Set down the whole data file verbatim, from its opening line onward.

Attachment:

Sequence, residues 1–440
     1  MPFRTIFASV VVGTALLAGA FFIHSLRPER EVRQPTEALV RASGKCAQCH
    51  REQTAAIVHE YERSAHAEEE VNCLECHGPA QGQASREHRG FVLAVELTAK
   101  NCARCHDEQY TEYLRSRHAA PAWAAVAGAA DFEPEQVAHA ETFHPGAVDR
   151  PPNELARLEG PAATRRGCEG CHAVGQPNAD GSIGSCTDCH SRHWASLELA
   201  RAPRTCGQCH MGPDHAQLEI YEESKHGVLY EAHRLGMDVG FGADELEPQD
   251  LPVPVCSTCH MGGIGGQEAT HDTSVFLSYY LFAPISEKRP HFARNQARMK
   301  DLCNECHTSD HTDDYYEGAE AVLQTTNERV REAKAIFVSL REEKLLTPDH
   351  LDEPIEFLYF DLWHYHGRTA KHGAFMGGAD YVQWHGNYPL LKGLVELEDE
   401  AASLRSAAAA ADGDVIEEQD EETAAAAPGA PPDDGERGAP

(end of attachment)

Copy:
Sequence, residues 1–440
     1  MPFRTIFASV VVGTALLAGA FFIHSLRPER EVRQPTEALV RASGKCAQCH
    51  REQTAAIVHE YERSAHAEEE VNCLECHGPA QGQASREHRG FVLAVELTAK
   101  NCARCHDEQY TEYLRSRHAA PAWAAVAGAA DFEPEQVAHA ETFHPGAVDR
   151  PPNELARLEG PAATRRGCEG CHAVGQPNAD GSIGSCTDCH SRHWASLELA
   201  RAPRTCGQCH MGPDHAQLEI YEESKHGVLY EAHRLGMDVG FGADELEPQD
   251  LPVPVCSTCH MGGIGGQEAT HDTSVFLSYY LFAPISEKRP HFARNQARMK
   301  DLCNECHTSD HTDDYYEGAE AVLQTTNERV REAKAIFVSL REEKLLTPDH
   351  LDEPIEFLYF DLWHYHGRTA KHGAFMGGAD YVQWHGNYPL LKGLVELEDE
   401  AASLRSAAAA ADGDVIEEQD EETAAAAPGA PPDDGERGAP